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12/14/2017

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Well I'll go ahead and comment. What a fantastically written and compelling post!

But seriously, I should have mentioned the title of the album, which is fun. Not only three successive books of the Bible, but perhaps never before this album thought of as a short statement, Joshua judges Ruth.

I love this album, but I don't have time to even read the post at the moment.

AMDG

I concur completely with Stu's opinion of this post.

I don't think Lyle was the first to think of those three words that way, though. Hazy fragments of memory are suggesting to me that it's used in an old evangelical/fundamentalist joke of some kind. Hard to think it would have escaped notice considering how many Protestant children and teenagers had to memorize the list of books of the Bible and could spit it out rapid-fire.

I like this album a lot, but I think I like Pontiac better. Weren't some of the songs a product of his getting dumped by that obnoxious actress?

I can vouch for the fact that he's great live, though I've only seen him once. He has a really first-rate group of musicians.

This album is pre-Julia Roberts. The breakup album is The Road to Ensenada. I think it was a work schedule amicable breakup, not a dumping. I have read that they remain friends.

Well heck, here I've been disliking her all these years for breaking his heart.

Me too!

I also love this record. "She's Leaving Me Because She Really Wants To" is one of the great song titles. It's almost the Platonic Form of a certain kind of country song.

There aren't many songwriters who are as witty as Lovett. He almost always has a couple of good jokes on his records -- good enough that they don't get old on repetition.

Just the name of his band always makes me chuckle. "It's not big, it's large."

...and the second line, "and she'll be happy when she's gone..."

Wow, what an idiot. I didn't even catch the significance of the title until Stu mentioned it here.

You didn't grow up Protestant, right? :-)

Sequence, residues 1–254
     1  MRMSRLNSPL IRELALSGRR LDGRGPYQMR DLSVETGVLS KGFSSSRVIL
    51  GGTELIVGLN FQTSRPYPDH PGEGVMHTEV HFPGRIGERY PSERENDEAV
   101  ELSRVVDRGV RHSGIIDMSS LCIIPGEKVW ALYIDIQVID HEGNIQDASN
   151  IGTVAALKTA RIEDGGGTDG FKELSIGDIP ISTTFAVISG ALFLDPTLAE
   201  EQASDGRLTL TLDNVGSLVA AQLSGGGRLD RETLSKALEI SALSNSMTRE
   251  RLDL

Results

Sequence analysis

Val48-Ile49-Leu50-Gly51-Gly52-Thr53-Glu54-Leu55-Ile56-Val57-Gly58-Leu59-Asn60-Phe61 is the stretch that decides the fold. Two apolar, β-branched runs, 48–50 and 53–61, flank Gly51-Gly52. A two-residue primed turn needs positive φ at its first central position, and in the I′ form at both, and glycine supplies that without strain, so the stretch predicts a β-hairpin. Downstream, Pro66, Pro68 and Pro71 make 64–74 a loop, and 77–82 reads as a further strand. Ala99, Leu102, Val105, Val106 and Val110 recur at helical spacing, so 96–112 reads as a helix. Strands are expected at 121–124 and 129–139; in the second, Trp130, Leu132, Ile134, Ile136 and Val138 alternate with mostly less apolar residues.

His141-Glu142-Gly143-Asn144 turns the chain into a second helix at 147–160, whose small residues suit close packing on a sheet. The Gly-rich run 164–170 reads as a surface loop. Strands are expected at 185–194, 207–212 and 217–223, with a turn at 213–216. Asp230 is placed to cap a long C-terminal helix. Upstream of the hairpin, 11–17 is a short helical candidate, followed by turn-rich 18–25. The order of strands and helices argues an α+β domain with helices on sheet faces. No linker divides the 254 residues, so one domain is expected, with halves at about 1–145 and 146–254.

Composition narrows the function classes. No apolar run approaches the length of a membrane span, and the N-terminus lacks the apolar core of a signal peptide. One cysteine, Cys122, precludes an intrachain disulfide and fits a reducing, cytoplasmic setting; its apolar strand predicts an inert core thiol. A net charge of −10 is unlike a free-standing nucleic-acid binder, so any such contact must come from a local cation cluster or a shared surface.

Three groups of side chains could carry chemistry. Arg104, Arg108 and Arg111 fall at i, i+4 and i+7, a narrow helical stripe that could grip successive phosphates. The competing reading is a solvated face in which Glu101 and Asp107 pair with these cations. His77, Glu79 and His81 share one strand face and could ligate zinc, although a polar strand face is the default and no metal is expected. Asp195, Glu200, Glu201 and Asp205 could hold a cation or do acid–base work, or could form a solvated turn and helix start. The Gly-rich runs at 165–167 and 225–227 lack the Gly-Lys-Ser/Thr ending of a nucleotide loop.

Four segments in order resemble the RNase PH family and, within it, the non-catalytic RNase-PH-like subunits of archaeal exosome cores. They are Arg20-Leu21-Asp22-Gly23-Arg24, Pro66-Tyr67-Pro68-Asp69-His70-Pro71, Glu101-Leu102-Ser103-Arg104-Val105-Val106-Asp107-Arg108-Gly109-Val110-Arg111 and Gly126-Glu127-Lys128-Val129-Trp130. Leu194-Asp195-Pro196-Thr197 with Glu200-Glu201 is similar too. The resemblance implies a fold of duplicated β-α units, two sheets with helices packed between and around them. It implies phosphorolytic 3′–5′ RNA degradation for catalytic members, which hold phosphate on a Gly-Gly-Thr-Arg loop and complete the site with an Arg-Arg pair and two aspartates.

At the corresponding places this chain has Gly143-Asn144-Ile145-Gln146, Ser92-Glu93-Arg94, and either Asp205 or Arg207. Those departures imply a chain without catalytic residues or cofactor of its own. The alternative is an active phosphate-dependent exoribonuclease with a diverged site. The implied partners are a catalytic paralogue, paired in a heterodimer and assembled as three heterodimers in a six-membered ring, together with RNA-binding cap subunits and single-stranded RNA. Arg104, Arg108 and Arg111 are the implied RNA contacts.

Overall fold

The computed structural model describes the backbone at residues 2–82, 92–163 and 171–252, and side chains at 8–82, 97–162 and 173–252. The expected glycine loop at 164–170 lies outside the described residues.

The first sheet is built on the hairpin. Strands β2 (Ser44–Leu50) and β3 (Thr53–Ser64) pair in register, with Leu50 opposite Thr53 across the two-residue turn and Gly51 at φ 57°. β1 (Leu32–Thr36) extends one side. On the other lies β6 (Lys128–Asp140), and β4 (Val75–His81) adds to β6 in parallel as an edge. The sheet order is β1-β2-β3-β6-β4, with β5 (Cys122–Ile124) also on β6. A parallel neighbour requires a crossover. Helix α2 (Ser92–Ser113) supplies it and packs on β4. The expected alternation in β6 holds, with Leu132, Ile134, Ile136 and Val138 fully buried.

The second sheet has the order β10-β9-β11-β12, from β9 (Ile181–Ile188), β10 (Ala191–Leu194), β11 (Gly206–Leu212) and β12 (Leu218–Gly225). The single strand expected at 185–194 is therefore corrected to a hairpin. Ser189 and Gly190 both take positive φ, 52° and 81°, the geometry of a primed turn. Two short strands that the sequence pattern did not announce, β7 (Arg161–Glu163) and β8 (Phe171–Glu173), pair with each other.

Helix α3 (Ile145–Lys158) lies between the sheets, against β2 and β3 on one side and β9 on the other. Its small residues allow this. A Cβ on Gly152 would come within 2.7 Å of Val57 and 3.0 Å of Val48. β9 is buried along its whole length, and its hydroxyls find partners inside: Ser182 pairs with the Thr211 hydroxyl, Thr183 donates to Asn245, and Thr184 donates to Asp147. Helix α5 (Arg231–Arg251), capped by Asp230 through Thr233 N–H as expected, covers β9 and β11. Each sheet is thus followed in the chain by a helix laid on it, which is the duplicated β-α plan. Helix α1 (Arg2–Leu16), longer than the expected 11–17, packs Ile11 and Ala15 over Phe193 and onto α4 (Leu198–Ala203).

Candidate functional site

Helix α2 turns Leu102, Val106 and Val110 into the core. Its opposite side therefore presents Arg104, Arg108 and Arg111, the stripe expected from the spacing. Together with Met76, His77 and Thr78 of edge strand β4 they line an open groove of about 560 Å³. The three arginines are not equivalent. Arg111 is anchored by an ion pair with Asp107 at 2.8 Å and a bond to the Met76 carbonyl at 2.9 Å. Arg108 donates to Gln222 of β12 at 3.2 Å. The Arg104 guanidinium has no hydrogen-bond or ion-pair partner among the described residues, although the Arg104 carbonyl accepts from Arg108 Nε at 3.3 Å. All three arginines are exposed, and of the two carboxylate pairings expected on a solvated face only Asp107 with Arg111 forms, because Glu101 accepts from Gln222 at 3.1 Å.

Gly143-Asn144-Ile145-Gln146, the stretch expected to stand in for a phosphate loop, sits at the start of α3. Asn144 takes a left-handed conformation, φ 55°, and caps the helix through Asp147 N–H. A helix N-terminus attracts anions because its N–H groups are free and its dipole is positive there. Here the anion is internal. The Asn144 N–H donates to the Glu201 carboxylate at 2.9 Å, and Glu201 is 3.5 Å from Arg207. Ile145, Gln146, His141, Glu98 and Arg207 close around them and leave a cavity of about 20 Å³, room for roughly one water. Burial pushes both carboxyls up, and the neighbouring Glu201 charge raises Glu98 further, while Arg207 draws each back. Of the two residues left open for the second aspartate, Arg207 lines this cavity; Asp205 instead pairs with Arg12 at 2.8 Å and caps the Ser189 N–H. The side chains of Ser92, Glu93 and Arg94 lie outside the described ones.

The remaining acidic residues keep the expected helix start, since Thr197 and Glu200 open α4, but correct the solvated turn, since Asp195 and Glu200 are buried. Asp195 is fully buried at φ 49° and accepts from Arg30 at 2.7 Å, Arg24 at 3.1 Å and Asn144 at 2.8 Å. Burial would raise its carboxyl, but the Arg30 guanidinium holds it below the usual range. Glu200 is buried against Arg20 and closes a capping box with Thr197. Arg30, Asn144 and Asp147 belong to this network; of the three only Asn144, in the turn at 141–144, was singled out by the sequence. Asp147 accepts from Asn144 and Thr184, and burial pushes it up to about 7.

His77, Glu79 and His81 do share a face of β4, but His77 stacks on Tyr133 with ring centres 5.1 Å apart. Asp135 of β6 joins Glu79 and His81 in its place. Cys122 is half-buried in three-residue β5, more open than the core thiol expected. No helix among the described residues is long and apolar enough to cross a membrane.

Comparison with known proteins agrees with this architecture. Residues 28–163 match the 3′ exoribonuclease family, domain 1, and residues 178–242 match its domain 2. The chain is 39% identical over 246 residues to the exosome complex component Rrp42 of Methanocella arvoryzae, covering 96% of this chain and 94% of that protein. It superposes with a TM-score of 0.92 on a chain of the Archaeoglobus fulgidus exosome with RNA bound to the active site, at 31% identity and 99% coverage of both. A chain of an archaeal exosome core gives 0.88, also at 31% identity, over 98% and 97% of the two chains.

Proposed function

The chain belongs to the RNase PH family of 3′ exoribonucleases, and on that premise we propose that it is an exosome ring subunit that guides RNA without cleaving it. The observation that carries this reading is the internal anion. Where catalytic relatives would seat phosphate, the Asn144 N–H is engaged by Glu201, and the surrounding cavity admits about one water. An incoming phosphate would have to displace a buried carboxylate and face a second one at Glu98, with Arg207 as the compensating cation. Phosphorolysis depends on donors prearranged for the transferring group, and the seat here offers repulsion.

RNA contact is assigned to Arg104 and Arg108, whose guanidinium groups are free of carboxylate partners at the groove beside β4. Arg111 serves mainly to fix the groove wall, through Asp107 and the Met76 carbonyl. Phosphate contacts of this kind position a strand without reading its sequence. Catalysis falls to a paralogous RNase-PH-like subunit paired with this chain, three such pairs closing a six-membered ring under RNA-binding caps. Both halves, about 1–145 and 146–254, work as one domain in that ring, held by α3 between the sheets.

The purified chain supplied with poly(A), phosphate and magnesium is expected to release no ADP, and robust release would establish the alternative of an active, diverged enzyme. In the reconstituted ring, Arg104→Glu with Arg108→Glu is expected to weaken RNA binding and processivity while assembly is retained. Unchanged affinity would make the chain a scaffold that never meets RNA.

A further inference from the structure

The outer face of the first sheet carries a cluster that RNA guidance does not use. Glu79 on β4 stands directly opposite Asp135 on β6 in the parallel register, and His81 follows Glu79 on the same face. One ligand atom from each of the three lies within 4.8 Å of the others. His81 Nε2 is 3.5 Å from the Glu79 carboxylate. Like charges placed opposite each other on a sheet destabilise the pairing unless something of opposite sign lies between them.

Well, I didn't originally get that it was a sentence, I just thought it was the names of books of the Bible. Since Robert teaches in a seminary, I'm pretty sure he recognized where it came from.

AMDG

I'm talking about seeing it as a sentence. And people say fundamentalism doesn't have a rich culture....

Oh, I see.

AMDG

I never gave it too much thought until writing this post, but with the nature of so many songs it makes sense. Male singing the songs, many about being lonely after a woman has left him, thus he is "judging" her.

I only first saw it as a sentence, even though I knew they were all books in the Old Testament.

Interesting that Protestant kids had to "memorize the list of books of the Bible and could spit it out rapid-fire". I had no idea. Quite a contrast with me as a Catholic kid who would have been able to come up with only Matthew, Mark, Luke, and John.

:-) I've heard it done. I must have made a stab at it because the first few come out pretty quickly. If you say it out loud the "sentence-ness" of "Joshua Judges Ruth" kind of jumps out.

I have sung a song of the names of the books of the Bible hundreds of times with my kids and that never occurred to me even when I got the album. It wasn't until you said something about it here a while back that I heard it.

AMDG

And in the song, "Joshua, Judges, Ruth" was in a a little phrase together.

AMDG

Well, I saw it as a sentence, but didn't catch the biblical reference. And I'm a bible kind of guy.

Well, there you go.

This conversation reminds me in a sort of oblique way of the blue/black/white/gold dress. The different ways that people perceive things is fascinating to me, and it also demonstrates why we sometimes have such horrible misunderstandings.

AMDG

Yeah, I guess so. I'm not surprised that the JJR thing had never occurred to Robert, but I am that it didn't occur to you as a result of singing that song.

We had to memorize the books of the Bible (Protestant Canon) when I was in 2nd grade at a public grade school. My teacher, Mrs. Maynard, hadn't got the memo.

So I guess if Rob is sending his in this week, I should get to work. Unless you just really want to do it, Maclin.

AMDG

Yes, I do have Rob's, and Robert has promised something for next week, so that will wrap it up. I hope you didn't have your heart set on one in particular. I find that I'm regretting a little that I never hit some of the categories I had meant to: blues, prog, metal, jazz. At least I don't think we did any of those.

I did, but that's okay. I'll just listen to it.

AMDG

In the end I will probably be glad. ;-)

AMDG

I hope so. :-)

"I find that I'm regretting a little that I never hit some of the categories I had meant to: blues, prog, metal, jazz. At least I don't think we did any of those."

I came really close to doing the first Pat Metheny Group record, but did the Vasks instead, which I think ended up being the only classical album. The other one I'd thought about doing is the odd, charming little album Dark Bird is Home by Norwegian singer/songwriter Kristian Mattson, who goes by the stage name The Tallest Man on Earth.

Somehow I missed this comment earlier. Something to do with children running around, possibly.

There was one other classical album: Part's Kanon Pokajonen. And I think I have a freebie track by Tallest Man that I flagged as a four-star single. The name rings a bell anyway.

Oh, yes, forgot about Part.

That Tallest Man record is a great little album. Although it came out a couple years back I just discovered it this past summer and it became a recent favorite.

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